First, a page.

Interesting stories, items for sale and “things” running through Bob’s Brain
I recently purchased five antique metal clarinets in various stages of disrepair. The first one I completely cleaned, polished and made into an attractive lamp which sold very quickly. The plan for clarinet #2 was to restore it into a working antique for those clarinet playing purists who just had to have an original 75+ year old instrument for their collection. Well….it didn’t work out that way. When I removed all of the keys to polish it I discovered that there was an important part of the body of the clarinet that was missing. What to do….what to do…….ANOTHER LAMP! When I cleaned and got it back together you couldn’t tell there was a piece missing, and it made a GREAT looking lamp. And now……I’m starting on the working antique.
Clarinet Lamp #2—-$295.00
I accept it. Anyone who plays music on a wooden instrument, (Bassoon), and takes photographs with a wooden camera deserves the word “Retro” in front of their name.
While it’s common for professional bassoonists to play on wooden intsruments, you don’t see many wooden cameras anymore. The camera you see in the photo is a
4” X 5” View Camera. The basic design is old, but modern versions are still manufactured in 4” X 5”, 8” X 10” and even 11” X 14” sizes. My camera is approximately 10 years old and the lenses that I use all utilize modern optics to achieve extremely sharp images. The camera uses 4” X 5” film which I develop and print in my darkroom. I also mount and frame all of my images to insure the highest quality. Fine Art Photography is still popular with collectors and the materials, film, paper and chemistry, are still readily available.
Bundy To Buffet
I just purchased some used flutes and clarinets that are in need of tender loving care. Most are student instruments that need complete overhauls. They will make excellent beginner level instruments for parents who don’t want to rent or invest in expensive new ones. Amongst the student clarinets I found a Buffet clarinet that also needs much work but has the potential to be a good, advanced level instrument when it is re-built. I will probably start on this one in that I already have several re-built beginning level instruments available on my web site. Also included in the “buy” were two more old metal clarinets. I now have four old metal clarinets that are destined to evolve into lamps or possibly re-built working instruments. Enough talk…I better get to work!
Metal Clarinet Lamp
I recently purchased an old metal Cavalier Clarinet which I thought was quite interesting. The instrument was black, green and pretty disgusting looking. After boiling in water, baking soda and aluminum foil to clean and disinfect it, I stripped all of the keys and buffed and polished them and the body. I reassembled it into a pretty nice looking lamp which is presently looking for a new home. Check it out.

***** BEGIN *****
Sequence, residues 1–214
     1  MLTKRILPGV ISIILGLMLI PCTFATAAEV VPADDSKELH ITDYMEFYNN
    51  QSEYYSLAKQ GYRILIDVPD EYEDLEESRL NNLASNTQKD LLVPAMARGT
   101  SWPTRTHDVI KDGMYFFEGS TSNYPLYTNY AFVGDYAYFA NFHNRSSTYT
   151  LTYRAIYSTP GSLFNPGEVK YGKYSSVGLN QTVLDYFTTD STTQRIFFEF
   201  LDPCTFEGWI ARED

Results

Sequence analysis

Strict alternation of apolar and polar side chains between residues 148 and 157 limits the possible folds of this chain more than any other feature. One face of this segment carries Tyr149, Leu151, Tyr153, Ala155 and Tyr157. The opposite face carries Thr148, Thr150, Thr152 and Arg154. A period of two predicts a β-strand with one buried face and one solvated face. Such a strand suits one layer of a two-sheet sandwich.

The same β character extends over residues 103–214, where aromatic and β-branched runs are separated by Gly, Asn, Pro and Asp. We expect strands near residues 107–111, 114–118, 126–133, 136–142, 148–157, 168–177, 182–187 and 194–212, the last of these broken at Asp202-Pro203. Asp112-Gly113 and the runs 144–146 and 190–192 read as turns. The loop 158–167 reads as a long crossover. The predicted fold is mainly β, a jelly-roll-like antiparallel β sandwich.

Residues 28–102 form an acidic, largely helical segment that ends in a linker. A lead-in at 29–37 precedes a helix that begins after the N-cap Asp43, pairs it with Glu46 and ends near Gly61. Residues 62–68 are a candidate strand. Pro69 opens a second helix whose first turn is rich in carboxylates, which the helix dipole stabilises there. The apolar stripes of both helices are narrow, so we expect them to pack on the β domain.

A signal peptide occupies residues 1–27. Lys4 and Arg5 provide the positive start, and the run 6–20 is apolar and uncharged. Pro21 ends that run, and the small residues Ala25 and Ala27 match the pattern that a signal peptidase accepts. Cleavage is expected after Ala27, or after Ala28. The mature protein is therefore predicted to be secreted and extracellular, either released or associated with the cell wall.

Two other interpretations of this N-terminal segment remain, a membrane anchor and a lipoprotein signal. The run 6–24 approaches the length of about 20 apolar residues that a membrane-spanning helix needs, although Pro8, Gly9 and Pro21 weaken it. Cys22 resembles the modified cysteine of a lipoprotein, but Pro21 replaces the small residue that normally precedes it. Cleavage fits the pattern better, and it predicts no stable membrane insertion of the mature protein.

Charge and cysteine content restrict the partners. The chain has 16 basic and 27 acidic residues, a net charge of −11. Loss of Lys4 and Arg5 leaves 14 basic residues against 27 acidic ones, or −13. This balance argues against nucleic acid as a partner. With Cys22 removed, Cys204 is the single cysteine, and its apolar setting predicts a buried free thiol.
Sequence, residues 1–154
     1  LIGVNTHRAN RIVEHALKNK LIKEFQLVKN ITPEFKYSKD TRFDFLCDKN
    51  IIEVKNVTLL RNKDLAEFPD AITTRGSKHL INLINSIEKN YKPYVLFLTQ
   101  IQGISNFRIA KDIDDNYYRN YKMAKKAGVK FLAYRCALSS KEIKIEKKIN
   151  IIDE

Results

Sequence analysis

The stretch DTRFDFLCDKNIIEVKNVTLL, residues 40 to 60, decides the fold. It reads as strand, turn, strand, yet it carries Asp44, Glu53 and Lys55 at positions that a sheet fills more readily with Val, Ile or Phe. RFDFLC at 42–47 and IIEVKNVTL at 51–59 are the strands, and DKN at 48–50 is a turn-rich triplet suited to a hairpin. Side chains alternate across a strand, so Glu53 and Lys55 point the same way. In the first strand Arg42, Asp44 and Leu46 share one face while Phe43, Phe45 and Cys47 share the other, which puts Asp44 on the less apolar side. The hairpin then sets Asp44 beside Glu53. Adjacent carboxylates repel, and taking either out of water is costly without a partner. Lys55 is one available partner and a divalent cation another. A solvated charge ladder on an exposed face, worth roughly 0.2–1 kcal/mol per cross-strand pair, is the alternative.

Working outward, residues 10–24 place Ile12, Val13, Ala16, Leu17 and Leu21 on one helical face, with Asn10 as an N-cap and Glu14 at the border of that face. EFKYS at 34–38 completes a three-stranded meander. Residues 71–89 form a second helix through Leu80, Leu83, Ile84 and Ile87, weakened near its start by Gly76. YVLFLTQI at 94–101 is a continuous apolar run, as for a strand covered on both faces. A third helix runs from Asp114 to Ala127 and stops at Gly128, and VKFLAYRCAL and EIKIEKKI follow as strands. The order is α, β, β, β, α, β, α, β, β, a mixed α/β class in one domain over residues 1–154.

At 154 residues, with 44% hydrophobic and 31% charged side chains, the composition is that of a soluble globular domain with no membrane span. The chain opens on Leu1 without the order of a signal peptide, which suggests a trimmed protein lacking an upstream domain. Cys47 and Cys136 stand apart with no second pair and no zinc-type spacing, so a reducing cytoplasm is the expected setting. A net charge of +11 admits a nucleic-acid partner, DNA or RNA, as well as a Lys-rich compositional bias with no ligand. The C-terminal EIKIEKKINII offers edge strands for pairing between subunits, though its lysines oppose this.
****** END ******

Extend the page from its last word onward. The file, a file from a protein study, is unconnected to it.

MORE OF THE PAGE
Metal Cavalier Clarinet Lamp $295.00
EVETTE & SCHAEFFER Bb CLARINET
Evette & Schaeffer was the student line of clarinets manufactured by Buffet many years ago. Some of the instruments were made directly by Buffet and some were made for
Buffet by other manufacturers in Europe such as Malerne. This particular instrument
was manufactured in 1951 and can almost be considered “new/old stock”. It was played for a very short time before the student changed to another instrument,(Oboe), and it sat in a case unopened for 60+ years.
The instrument has been totally restored, including a complete re-pad and all new cork.
The bore has been oiled and the dark brown grain wood meticulously cleaned and polished. There are a few minor marks on the side of the trill keys which could not be polished, however the instrument appears almost brand new. The instrument is offered at $475.00 and would be considered a “step up” grade clarinet for a young player or excellent instrument for a doubler.
Evette & Schaeffer Bb Clarinet $475.00
I recently purchased some used woodwind instruments which I have restored and either sold or made available on my web site. In this purchase was an Amati Oboe which looks brand new, but doesn’t play very well. I spent a considerable amount of time working on the mechanism which improved it, but not to the level that I would feel comfortable selling it to anyone. A friend of mine who is a professional oboist made some adjustments which improved it further, but still not to an acceptable level. The other challenge to this instrument, (and I know this only makes sense to you Oboe Geeks out there), is that it has an automatic octave system, which means that there is no left hand octave key. This system is used more in Europe than in the US.
What to do….What to do……..
I still haven’t decided whether I am going to sell it or keep it.